And, presumably, a few crap ones as well. 

The intention had been for Doug to accompany us to Blackpool for the day, despite the fact that he constantly referred to our destination as the ‘Doctor Who Expedition’, which made me feel as though we should be boarding the United coach sporting pith helmets and machetes (which actually isn’t a bad idea if you choose to visit Blackpool in 2009). But, at the last minute, he’d decided that he didn’t have the money (or, quite possibly, that he couldn’t face me jabbering excitedly about Cybermen and Time Lord technology for thirteen hours). So it was just me and my Mum that piled onto the coach in Yarm High Street as the chimes on the Town Hall cluck struck nine.

A few scattered, random memories about the journey…

1. Reading a story in the Daily Mirror about the the video for Spandau Ballet’s latest single ‘I’ll Fly For You’ causing controversy with its ‘steamy scenes’ of guitarist Gary Kemp ‘romping’ in the mud with a ‘sexy stunner’ model. Who also appears to be, erm, a leading courtroom barrister. It’s hard to imagine that anyone could sustain a decent muddy romp with the sound of Tony Hadley’s foghorn voice assaulting their senses, but the video is below if you’d like to make your own judgement…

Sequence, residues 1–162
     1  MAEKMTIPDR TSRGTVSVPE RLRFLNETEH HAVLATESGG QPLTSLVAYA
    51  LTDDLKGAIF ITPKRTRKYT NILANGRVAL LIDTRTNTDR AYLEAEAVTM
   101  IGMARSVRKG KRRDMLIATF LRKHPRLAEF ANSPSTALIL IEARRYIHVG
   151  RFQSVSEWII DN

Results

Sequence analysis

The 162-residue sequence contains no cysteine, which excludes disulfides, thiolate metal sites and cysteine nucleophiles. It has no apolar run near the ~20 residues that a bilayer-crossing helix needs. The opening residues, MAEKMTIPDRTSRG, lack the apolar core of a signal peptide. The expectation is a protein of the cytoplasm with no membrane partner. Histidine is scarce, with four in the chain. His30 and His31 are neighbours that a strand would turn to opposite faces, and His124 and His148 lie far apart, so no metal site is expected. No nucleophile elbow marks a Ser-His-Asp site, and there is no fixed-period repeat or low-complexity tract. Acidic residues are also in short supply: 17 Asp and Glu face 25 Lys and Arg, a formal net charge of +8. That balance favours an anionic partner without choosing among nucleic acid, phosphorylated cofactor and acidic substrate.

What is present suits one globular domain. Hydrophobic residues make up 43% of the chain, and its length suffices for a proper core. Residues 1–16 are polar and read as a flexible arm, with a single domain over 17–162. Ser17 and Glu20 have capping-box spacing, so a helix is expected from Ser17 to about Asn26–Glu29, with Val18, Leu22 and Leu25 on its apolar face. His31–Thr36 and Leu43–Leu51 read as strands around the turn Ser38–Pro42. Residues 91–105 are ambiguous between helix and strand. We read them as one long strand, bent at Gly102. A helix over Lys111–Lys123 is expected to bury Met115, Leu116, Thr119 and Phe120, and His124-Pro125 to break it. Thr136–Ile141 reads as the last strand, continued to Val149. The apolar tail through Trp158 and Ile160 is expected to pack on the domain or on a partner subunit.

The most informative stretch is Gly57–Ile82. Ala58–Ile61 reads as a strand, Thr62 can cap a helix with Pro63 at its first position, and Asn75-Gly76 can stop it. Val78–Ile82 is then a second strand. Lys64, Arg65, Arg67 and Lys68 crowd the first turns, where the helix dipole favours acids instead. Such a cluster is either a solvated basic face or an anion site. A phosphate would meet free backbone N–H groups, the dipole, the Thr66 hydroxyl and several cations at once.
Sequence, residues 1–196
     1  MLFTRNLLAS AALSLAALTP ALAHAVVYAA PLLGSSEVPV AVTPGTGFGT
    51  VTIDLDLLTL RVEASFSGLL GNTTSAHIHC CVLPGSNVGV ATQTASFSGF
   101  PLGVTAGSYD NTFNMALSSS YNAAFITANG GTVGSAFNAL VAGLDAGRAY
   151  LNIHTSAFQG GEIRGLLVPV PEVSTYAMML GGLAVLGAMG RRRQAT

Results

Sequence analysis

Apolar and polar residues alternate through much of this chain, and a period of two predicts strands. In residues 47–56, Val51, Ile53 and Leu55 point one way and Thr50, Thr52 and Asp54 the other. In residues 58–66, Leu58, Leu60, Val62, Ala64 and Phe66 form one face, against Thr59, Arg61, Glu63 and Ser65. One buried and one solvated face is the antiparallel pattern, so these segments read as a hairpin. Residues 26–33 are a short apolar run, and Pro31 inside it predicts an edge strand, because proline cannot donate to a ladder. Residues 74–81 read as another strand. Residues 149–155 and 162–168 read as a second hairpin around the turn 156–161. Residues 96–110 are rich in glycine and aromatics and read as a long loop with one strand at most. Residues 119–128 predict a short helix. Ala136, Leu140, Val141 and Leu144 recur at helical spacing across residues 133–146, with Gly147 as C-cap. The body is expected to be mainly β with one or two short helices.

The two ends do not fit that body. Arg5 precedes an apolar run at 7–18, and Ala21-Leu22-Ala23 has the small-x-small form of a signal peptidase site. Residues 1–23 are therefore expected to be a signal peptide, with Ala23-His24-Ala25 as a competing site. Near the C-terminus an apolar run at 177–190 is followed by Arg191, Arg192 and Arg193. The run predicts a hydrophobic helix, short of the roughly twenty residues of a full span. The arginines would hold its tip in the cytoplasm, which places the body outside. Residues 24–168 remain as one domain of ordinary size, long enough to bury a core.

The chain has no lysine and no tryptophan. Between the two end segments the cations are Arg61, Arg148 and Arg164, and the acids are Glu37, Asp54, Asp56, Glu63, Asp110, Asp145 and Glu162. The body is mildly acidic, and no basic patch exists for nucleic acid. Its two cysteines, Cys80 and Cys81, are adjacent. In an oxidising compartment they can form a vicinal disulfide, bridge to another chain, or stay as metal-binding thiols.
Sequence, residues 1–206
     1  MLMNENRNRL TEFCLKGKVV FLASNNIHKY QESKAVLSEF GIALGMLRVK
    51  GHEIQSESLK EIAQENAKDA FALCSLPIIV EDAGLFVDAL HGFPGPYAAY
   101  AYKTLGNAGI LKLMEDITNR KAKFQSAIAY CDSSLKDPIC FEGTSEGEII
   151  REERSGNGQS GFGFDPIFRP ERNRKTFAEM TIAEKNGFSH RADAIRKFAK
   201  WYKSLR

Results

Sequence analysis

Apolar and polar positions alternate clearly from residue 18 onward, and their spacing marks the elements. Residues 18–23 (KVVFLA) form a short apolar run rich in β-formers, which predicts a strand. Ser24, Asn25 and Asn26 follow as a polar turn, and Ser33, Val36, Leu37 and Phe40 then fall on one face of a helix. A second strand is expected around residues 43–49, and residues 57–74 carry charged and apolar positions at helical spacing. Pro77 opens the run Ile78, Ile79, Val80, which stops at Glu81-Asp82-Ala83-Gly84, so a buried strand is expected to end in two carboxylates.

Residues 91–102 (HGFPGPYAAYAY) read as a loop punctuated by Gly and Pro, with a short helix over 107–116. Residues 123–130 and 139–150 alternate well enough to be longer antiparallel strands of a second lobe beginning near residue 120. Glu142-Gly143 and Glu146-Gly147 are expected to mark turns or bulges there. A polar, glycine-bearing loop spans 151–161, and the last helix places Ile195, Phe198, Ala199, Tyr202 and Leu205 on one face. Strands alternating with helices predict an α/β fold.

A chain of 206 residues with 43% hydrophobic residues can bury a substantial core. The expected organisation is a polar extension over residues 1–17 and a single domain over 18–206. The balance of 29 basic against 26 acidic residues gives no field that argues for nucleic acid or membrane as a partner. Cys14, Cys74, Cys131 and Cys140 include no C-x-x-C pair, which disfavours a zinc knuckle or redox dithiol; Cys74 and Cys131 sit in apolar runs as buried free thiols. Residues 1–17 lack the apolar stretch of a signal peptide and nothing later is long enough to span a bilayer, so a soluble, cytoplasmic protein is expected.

2. Hearing Ray Parker Jnr’s ‘Ghostbusters’ single on the driver’s radio. The first time I’d ever heard the song, and I was utterly intrigued. 

I can’t remember whereabouts we stopped in the Lake District, but it looked like this…

Yep, the classic ‘first picture of a new film’ syndrome! And yes, that’s me, sporting a dashing satorial ensemble that comprises:

1. Frankie Goes To Hollywood mirror glasses
2. Happy Days-style denim jacket and white T-shirt combination